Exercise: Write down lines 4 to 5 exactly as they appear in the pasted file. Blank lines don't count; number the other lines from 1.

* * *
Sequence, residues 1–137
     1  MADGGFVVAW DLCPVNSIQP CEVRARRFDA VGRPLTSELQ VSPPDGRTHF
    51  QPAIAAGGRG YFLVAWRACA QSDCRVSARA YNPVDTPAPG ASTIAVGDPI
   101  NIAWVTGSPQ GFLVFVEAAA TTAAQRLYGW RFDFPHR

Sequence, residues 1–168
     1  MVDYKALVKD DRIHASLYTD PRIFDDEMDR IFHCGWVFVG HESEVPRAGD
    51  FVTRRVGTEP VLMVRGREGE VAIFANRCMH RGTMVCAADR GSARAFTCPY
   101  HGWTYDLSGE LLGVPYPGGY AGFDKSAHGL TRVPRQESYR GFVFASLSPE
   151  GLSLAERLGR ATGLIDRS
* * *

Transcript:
   101  NIAWVTGSPQ GFLVFVEAAA TTAAQRLYGW RFDFPHR

Sequence, residues 1–168